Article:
In an exemplary embodiment flow control module 460 may route micropackets around wait register 420 via bypass path 430 if the wait register is empty and the link has won arbitration for outputting a data packet. If flow control module 460 routes micropackets around the wait register 420 both valid and invalid micropackets may bypass wait register 420.
In another exemplary embodiment, flow control module 460 may hold valid micropackets in wait register 420 until all valid micropackets for a data packet are received at the crossbar switch. Flow control module 460 may be operatively associated with a wait state module 480 for determining how long a data packet should be made to wait in the wait register 420 before being issued to the arbitrator for output from the crossbar switch.
Wait state module 480 may be implemented, e.g., as a data structure including a number of data fields as illustrated in Table 1.
Exemplary Wait State Module
Flow Control Class
Read Request, Open Cache Line, . . .
1, 10, . . .
In an exemplary embodiment, flow control module 460 determines the type or class of the data packet, e.g., based on information contained in the header of the data packet. Flow control module 460 may then access the wait state module 480 to determine how many valid micropackets need to be received at the crossbar switch before the data packet is allowed to arbitrate. Alternatively, the wait length may be expressed in terms of clock cycles.
Generally, data packets received at the slower link should be made to wait until more valid micropackets are received at the crossbar switch. For purposes of illustration, a data packet requesting a read operation may be allowed to arbitrate when the first valid micropacket is received. Accordingly, the processor begins receiving data from the memory resource without having to wait for other more lengthy operations to finish. On the other hand, a data packet requesting to open a cache line may be written to the wait register, e.g., until at least ten valid micropackets are received at the crossbar switch. Accordingly, other operations are not hindered by a cache line having a large number of micropackets to transfer.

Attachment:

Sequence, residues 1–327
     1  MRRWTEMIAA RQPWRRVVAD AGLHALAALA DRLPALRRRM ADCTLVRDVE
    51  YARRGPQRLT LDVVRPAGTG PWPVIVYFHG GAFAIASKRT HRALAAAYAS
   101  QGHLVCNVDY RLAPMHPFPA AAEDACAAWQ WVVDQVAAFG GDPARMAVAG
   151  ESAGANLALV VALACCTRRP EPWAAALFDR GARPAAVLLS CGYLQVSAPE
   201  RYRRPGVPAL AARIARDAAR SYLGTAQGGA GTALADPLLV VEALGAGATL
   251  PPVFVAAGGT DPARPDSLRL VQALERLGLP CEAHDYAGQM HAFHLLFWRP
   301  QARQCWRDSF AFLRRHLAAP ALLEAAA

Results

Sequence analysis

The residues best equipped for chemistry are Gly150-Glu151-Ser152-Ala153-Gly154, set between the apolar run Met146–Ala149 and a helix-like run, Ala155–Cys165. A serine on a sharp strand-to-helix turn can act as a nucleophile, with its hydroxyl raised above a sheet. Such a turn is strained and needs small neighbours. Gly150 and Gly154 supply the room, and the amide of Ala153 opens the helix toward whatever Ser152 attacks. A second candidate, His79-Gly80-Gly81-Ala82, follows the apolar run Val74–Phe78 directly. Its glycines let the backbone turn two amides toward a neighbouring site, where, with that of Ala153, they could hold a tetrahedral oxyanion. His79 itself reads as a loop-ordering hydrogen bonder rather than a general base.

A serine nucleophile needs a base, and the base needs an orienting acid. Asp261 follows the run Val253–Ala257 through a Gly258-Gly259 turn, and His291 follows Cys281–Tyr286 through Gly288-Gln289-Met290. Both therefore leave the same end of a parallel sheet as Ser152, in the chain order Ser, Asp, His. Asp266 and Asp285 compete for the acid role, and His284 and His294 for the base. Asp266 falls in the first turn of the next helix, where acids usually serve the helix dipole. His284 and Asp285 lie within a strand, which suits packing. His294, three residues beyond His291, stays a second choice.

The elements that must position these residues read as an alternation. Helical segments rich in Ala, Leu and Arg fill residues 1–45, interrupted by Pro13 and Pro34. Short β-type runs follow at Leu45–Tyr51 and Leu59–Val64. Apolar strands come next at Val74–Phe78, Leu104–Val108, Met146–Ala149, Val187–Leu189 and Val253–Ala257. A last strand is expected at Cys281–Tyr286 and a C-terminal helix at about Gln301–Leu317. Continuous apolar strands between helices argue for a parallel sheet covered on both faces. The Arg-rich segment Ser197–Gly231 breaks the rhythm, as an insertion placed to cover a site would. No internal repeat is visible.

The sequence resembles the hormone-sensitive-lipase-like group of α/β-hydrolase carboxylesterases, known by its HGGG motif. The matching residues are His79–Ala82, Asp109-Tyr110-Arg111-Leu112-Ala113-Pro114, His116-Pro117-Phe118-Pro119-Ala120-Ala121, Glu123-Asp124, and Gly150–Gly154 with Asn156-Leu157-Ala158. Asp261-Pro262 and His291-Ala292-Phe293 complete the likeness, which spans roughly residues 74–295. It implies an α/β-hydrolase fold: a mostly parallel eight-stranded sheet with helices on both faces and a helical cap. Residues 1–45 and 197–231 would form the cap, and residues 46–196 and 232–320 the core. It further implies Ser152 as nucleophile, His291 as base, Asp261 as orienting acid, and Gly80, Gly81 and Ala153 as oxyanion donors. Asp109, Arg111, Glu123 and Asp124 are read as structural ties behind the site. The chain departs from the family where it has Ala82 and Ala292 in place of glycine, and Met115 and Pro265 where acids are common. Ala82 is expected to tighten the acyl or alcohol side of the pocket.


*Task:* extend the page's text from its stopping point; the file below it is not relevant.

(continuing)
The wait state module 480 may be populated, e.g., at startup based on default conditions and/or by the analysis module 470 during operation. Default conditions may include expected delays based on processor speeds (e.g., using models or actual test data). During operation, analysis module 470 may reconfigure and optimize the wait length for various flow control classes. For example, analysis module 470 may apply a heuristic approach to evaluate feedback based on actual performance of the link to increase or decrease the wait length for different flow control classes to improve overall performance of the multiprocessing system.
Routing agent 400 may also be deactivated for one or more links of the crossbar switch, e.g., as indicated by on/off logic 490 in
It is noted that exemplary routing agent 400 is shown and described herein for purposes of illustration and is not intended to be limiting. For example, queue manager 440, valid detect module 450, flow control module 460, and analysis module 470 do not need to be encapsulated as separate functional components. In addition, other functional components may also be provided and are not limited to those shown and described herein.
It is noted that the exemplary systems discussed above are provided for purposes of illustration. Still other implementations are also contemplated.
In operation 510, micropackets are received at a crossbar switch. In operation 520, a determination is made whether the micropacket is valid or invalid. If the micropacket is valid the micropacket may be written to a wait register in operation 530. In operation 540, another determination is made whether the threshold number of micropackets for the data packet are present. For example, the threshold may be determined by the flow control class for the data packet and may require that all data packets be present or the wait register be full. If the threshold is satisfied the data packet is allowed to arbitrate for output from the crossbar switch in operation 550. Otherwise operations return to operation 510 to receive additional micropackets.
Returning to operation 520, if the micropacket is invalid another determination is made in operation 522 whether the wait register for the link is empty. If the wait register is not empty the invalid micropacket is rejected in operation 524. Alternatively, if the wait register is empty the packet is allowed to arbitrate for output from the crossbar switch in operation 550. If the data packet wins abritration, both valid and invalid micropackets may be bypassed around the wait register.
The operations shown and described herein are provided to illustrate exemplary embodiments of balancing crossbar bandwidth in multiprocessing systems. It is noted that the operations are not limited to the ordering shown and described. In addition, still other operations may also be implemented.